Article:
Substantial progress was made in the winter wheat harvest during the week, as some farmers found better yields than earlier harvested fields. Hay harvest also progressed, with all areas beginning the second alfalfa cutting. Spotty coverage of showers and storms, typical of summer, brought timely rains to some counties but left others mostly dry. Enough rain fell to keep corn and soybean conditions stable from last week, but reporters are communicating the need for continued rains in order to germinate double-crop soybeans, activate herbicides, and supply moisture to corn entering critical development stages. Rain is especially needed in the three eastern districts, where topsoil moisture shortages remain. Topsoil moisture at the state level rates 6 percent very short, 27 percent short, 62 percent adequate, and 5 percent surplus. There were 5.8 days suitable for fieldwork.
Twenty-two percent of the corn crop is silked, slightly behind last year but a few days ahead of 16 percent as normal. Silking ranges from 4 percent in the northeast to 75 percent in the southeast. Slight stress was observed in the dryer counties, mostly in the form of corn leaves rolling in the afternoons, but lack of extreme heat has kept stress to a minimum. After sharp deterioration the week before, corn condition in the northeast and east-central districts stabilized at 62 percent and 51 percent in good to excellent, while Bootheel corn improved from 43 percent to 59 percent. State-wide, the condition rates 3 percent very poor, 5 percent poor, 29 percent fair, 50 percent good, and 13 percent excellent. Soybean planting is 94 percent complete. Most of the fields yet to be planted are in wet areas of the west-central and southwest districts. Emergence is 86 percent complete, 6 days behind last year and slightly behind normal. Early growth remains slow in dry eastern areas. Reporters in the wet southwestern areas mentioned that delayed wheat harvest could reduce double-crop soybean acreage from normal levels. Soybean condition is 2 percent very poor, 5 percent poor, 36 percent fair, 51 percent good, and 6 percent excellent. Sorghum planting is 90 percent complete, 9 days behind the 5-year average. Sorghum heading is at 5 percent. Condition is rated 1 percent very poor, 3 percent poor, 37 percent fair, 55 percent good, and 4 percent excellent. Rice heading is 2 percent complete, with condition rated 2 percent poor, 22 percent fair, 60 percent good, and 16 percent excellent. Cotton squaring is at 62 percent, 1 week ahead of last year and average. Twelve percent is setting bolls, well ahead of the normal 2 percent. Dunklin County reported spraying for spider mites. Cotton condition is rated 7 percent very poor, 15 percent poor, 28 percent fair, 46 percent good, and 4 percent excellent. Wheat harvest advanced substantially, moving ahead 31 points to 52 percent complete, 8 days behind last year and slightly behind normal. A few yield reports indicated better than expected results. First cutting alfalfa is 96 percent harvested, while second cutting is off to a slower start than usual at 16 percent complete, or 8 days behind average. Other hay is 73 percent cut, equal to normal.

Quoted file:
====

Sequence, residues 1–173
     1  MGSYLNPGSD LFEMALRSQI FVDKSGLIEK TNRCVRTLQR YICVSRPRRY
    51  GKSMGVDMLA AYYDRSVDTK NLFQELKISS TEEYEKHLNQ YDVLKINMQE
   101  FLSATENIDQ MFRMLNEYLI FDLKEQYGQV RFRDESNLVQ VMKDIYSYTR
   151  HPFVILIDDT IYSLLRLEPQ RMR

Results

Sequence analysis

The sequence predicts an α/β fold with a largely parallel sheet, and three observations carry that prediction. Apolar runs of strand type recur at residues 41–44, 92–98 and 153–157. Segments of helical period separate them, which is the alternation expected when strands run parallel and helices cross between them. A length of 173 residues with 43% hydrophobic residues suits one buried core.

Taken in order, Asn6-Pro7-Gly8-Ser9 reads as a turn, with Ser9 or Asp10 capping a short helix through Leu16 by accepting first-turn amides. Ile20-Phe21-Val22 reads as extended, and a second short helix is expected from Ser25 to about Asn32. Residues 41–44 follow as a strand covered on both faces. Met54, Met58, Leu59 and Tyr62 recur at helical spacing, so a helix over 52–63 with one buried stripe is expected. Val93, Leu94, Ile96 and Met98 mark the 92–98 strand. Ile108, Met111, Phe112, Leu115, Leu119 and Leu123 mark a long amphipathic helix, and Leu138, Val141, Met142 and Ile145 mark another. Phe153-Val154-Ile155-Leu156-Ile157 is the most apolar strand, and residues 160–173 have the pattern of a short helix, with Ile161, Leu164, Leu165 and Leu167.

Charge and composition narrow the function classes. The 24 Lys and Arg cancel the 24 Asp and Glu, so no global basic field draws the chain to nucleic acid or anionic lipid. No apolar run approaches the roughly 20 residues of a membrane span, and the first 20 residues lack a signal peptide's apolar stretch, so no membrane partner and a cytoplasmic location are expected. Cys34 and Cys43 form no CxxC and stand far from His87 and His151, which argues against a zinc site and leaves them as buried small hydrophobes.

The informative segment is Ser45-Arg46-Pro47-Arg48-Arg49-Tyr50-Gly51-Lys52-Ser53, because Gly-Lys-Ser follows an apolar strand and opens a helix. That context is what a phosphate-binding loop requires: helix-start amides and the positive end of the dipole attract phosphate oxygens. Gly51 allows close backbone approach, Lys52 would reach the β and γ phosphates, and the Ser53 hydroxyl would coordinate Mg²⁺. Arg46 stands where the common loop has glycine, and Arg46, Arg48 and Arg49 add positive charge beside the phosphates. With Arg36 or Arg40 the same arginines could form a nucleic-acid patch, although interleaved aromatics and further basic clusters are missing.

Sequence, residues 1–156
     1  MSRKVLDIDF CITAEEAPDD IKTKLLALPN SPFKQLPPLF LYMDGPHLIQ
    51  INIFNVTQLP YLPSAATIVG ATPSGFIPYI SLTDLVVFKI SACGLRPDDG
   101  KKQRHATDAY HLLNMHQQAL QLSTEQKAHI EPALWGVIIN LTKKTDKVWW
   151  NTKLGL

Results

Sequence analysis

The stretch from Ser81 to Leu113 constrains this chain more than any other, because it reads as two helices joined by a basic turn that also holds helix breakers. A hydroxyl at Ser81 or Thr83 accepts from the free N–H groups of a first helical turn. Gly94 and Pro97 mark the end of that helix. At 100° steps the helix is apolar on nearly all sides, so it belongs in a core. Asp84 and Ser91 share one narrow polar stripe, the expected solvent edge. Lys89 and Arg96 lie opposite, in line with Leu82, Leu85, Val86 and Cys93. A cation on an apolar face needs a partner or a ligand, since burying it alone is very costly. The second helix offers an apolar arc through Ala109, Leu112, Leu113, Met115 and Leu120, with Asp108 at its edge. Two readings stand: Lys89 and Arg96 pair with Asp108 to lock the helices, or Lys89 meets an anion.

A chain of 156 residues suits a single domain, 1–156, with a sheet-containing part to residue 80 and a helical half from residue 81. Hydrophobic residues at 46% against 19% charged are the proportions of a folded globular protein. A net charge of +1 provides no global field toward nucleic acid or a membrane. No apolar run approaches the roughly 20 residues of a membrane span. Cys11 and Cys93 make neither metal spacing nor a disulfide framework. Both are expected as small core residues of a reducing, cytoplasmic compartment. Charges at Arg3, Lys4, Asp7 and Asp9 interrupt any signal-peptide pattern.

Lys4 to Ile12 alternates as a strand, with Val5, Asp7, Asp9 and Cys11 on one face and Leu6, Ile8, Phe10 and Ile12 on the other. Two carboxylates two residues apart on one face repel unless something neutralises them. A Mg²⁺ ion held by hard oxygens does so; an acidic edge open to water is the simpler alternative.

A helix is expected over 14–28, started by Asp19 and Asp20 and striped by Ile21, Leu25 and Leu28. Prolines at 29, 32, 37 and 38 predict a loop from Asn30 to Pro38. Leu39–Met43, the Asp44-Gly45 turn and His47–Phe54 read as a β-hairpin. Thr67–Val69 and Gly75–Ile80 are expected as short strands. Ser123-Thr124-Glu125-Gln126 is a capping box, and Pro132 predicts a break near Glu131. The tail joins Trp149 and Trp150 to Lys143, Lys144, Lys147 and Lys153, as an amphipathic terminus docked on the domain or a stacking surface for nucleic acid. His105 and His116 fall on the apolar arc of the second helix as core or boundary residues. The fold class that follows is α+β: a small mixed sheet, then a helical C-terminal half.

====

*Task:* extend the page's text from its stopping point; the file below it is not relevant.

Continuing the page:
Pasture condition is rated 4 percent very poor, 12 percent poor, 41 percent fair, 38 percent good, and 5 percent excellent. Cattle producers in some areas are still reporting hay shortages, but look to find relief from stable grass condition and normal hay yields.
Temperatures were 1 to 3 degrees above normal throughout the state. The state averaged 0.83 inches of rainfall, ranging from 0.53 in the northeast and southwest to 1.03 in the northwest.
|District Summaries As Of June 24, 2007|
|Days Suitable For Fieldwork|
|Topsoil Moisture Supply|
|Corn Silked and Beyond, Percent|
|Soybeans Emerged, Percent|
|Sorghum Headed and Beyond, Percent|
|Winter Wheat Harvested, Percent|
|Alfalfa Hay 2nd Cutting, Percent|
|Other Hay Cut, Percent|
|Winter Wheat Condition|